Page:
# 2.2 The total energy balance: examples

Course subject(s) 2. Energy balances

## EXAMPLE 2.2A. HEATING UP WATER – PART I (ELEMENTARY)

You would like to have a cup of tea, so you need to heat up water. In this exercise, you do that by putting water (0.5 liter) in a cooker that is electrically heating up its content.
The water out of the tap is 20oC. The question here is: how long does the cooker need to be switched in order for the water to reach a temperature of 80oC?
Negelect the heat capacity of the cooker. Furthermore, ignore heat losses to the surroundings
The specific heat of water is 4200 J/kgK. The electric power of the cooker is 1kW.

1. Do a simple calculation without using a balance.
2. Redo the calculation. But now set up a heat balance over a proberly chosen control volume. Solve the balance and find the required time.

Subtitles (captions) in other languages than provided can be viewed at YouTube. Select your language in the CC-button of YouTube.

## EXAMPLE 2.2B. HEATING UP WATER – PART II (MEDIUM)

In the previous problem, we analyzed how long it takes to warm up water from 20oC to 80oC, ignoring heat losses to the environment. That is, obviously, a symplification of reality. In this exercise, we revisit the same problem, but now consider heat losses as well.
The question is: how long does it take to heat up 0.5 liters of water that is initially at 20oC? The water is inside a cooker that has a power of 1kW.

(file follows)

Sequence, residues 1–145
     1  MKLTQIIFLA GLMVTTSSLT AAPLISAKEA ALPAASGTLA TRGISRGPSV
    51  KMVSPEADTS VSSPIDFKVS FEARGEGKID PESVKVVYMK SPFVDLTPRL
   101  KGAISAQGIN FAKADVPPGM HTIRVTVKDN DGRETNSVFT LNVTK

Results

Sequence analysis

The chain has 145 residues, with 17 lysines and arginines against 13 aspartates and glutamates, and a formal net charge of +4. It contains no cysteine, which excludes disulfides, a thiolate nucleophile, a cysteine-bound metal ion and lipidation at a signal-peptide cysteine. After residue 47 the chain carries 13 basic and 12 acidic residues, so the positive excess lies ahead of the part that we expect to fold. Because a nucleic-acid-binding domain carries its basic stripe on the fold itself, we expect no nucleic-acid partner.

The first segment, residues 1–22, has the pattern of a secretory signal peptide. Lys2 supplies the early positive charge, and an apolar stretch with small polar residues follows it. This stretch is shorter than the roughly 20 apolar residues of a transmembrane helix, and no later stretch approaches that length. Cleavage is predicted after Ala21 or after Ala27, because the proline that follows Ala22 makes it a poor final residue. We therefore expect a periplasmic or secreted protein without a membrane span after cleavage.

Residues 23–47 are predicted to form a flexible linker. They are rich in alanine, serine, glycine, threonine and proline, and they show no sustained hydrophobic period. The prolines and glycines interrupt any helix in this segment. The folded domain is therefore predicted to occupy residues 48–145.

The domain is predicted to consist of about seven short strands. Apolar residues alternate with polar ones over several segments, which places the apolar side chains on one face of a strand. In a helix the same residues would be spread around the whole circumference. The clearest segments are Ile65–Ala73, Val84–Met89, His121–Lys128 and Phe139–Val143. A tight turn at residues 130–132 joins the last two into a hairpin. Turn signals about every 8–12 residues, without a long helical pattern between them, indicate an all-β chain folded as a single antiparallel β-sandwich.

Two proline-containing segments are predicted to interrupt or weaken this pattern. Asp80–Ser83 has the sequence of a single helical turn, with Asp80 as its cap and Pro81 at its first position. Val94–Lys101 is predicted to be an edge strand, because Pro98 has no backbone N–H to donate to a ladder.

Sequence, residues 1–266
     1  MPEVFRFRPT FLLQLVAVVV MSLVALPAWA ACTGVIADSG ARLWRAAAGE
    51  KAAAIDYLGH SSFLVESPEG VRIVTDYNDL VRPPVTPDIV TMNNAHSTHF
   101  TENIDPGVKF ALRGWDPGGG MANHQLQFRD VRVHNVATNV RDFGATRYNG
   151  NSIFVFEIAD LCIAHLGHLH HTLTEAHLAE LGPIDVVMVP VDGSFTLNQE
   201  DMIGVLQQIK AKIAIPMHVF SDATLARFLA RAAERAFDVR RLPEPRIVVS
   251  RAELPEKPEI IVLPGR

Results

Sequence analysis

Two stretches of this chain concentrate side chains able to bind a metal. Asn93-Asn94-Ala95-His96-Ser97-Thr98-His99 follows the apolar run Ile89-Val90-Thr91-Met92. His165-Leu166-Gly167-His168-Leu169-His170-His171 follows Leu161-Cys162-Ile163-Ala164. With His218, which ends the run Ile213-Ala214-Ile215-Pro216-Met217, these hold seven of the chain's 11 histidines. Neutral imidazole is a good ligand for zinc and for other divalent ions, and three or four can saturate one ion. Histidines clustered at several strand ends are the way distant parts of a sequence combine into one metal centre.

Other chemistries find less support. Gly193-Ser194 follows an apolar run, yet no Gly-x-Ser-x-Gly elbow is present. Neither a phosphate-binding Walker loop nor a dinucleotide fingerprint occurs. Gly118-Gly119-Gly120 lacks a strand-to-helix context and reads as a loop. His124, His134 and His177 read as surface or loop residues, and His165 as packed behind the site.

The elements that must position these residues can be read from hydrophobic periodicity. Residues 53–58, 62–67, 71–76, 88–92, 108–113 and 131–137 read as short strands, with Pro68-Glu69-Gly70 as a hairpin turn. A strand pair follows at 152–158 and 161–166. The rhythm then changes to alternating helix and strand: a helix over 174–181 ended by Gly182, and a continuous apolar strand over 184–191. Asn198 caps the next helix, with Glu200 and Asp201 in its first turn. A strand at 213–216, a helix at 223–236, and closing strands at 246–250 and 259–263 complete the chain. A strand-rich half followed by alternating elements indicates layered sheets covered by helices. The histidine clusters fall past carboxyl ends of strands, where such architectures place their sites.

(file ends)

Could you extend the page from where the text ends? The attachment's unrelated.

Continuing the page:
The heat flow from the water to the surroundings is modelled as ϕq=β(T−T∞), with β=5.3W/K and T∞=20∘C the temperature of the surroundings.

1. Set up a thermal energy balance for the water, taking into account the heat loss.
2. Solve the balance and find the required time. It should be longer than the time in EQ 2.1A.

Subtitles (captions) in other languages than provided can be viewed at YouTube. Select your language in the CC-button of YouTube.

## EXAMPLE 2.2C: HEATING UP WATER – PART III (ADVANCED)

In the previous two exercises, we lookead at the heating up of water in a cooker. First, we did a very rough estimate, ignoring any forms of heat losses. In the second question, we took heat loss into account via a simple relation to the water temperature.

In this exercise, we will consider what happens when the water is actually boiling.

The question is: how long does it take for 0.5 liters of water that is boiling at 100oC to be completely evaporated? The water is inside a cooker that has a power of 1kW.

1. Make a ‘quick & dirty’ approach without using balances.
2. Make an analysis using the balance concepts:
1. Make a sketch with the relevant transport phenomena
2. Set up a mass balance for the liquid water
3. Set up an energy balance for the liquid water. Actually, an enthalpy balance is most suited. If you are unfamiliar with this, don’t worry. Just try and check the solution and see if you can understand what is done.
4. Solve these balances and compute the required time